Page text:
Husky taking steps to resume SeaRose operations two months after oil spill

ST. JOHN'S, N.L. — A Canadian oil and gas company says it's working to reassure regulators that it can resume safe operations, two months after a massive oil spill at one of their offshore oil production sites.

Work at the site of Husky Energy's SeaRose production vessel has been halted since an estimated 250,000 litres of oil spilled into the ocean on Nov. 16 at the White Rose oilfield, about 350 kilometres off the coast of St. John's, N.L.

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In a release on Friday, Husky said the company could begin flushing and leak testing of the central drill centre as early as this weekend, weather depending.

"This will require us to circulate reservoir fluids including oil, gas and water from the production flowlines back to the SeaRose," said the release. "The flowlines will be displaced with seawater prior to testing."

A Husky spokeswoman said the company has already conducted "assurance and verification activities" on both the oilfield and the SeaRose, which include inspecting flowlines, drill centres, supporting subsea equipment, and parts of the SeaRose.

Colleen McConnell said this work has been reviewed and validated by Det Norske Verits, Husky's certifying authority.

"In addition, we have been reviewing and revising certain processes and procedures to incorporate lessons learned," she said in an email.

Husky also said it's working with the coast guard, the Canada-Newfoundland and Labrador Offshore Petroleum Board, and other bodies to finalize a plan to recover the flowline connector where the leak originated and plug the open ends of the flowline.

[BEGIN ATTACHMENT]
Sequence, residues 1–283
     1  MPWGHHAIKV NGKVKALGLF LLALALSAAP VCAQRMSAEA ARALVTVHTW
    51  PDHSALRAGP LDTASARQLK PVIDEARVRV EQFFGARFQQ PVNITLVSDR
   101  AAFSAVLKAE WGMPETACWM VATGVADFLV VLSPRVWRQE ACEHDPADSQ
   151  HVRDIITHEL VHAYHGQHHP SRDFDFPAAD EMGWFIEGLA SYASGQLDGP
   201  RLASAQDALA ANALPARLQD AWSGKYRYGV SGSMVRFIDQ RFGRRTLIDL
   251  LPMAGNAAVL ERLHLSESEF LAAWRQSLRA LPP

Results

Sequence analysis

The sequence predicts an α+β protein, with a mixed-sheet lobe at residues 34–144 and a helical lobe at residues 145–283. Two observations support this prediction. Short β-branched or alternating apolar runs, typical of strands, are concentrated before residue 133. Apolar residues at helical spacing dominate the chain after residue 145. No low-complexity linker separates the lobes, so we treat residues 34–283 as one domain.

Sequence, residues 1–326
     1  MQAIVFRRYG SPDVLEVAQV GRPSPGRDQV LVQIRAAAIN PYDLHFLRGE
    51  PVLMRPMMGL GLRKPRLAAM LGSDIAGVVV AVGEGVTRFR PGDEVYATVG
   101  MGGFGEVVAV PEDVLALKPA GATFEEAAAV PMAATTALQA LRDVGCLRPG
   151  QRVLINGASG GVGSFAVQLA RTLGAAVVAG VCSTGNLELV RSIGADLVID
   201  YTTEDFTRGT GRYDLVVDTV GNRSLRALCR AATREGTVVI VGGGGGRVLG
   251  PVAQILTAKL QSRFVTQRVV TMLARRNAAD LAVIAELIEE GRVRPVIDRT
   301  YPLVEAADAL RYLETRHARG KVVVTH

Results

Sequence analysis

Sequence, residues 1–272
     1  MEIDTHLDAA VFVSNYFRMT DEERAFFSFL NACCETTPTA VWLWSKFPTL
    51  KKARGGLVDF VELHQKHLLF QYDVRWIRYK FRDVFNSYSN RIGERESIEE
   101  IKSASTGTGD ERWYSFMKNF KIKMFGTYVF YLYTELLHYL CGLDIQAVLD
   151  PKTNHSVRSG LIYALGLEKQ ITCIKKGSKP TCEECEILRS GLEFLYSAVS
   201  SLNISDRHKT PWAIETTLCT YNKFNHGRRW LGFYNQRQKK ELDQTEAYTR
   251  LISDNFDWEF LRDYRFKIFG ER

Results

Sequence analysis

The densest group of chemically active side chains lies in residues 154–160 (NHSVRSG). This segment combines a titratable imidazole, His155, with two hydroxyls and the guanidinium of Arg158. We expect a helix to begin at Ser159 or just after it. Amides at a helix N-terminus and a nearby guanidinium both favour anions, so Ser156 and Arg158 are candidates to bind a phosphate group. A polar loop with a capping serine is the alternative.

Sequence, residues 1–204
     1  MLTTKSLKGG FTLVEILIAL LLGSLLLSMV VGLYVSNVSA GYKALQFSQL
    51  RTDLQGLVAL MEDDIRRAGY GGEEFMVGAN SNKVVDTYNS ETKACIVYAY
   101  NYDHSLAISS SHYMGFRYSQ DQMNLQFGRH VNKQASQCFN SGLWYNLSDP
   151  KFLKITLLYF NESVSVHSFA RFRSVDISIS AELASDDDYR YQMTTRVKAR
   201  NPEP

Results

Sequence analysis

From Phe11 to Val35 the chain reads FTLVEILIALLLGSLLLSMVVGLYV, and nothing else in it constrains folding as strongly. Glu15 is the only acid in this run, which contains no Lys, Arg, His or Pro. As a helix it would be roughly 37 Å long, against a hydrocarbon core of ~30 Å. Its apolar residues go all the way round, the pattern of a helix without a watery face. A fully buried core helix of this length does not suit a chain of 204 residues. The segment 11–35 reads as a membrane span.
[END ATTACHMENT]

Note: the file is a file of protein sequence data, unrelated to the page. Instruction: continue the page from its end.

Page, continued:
McConnell said the agencies involved held meetings throughout last week to review elements of Husky's flowline recovery and plugging plan.

"Completing this work is important for us to restore the integrity of the South White Rose Extension system and further reduce environmental risk," she said, adding that the company will submit an updated plan to the board this week.

"This remains a priority activity for us and the regulator."

The Canada-Newfoundland and Labrador Offshore Petroleum Board regulates the industry's development in the province, as well as its safety and environmental responsibilities.

On Friday, the board said it was still assessing the plan, and said the investigation into the incident is ongoing.

The huge spill of oil, water and gas happened while the SeaRose was preparing to restart production during a fierce storm.

The company submitted a preliminary report to the board in December, saying the initial release of oil occurred over 20 minutes when crews were troubleshooting a drop in flowline pressure, and a retest led to a second release lasting about 15 minutes.

The spill, considered the largest in Newfoundland and Labrador's history, has renewed calls for the government to take a fresh look at how the province regulates the offshore industry.

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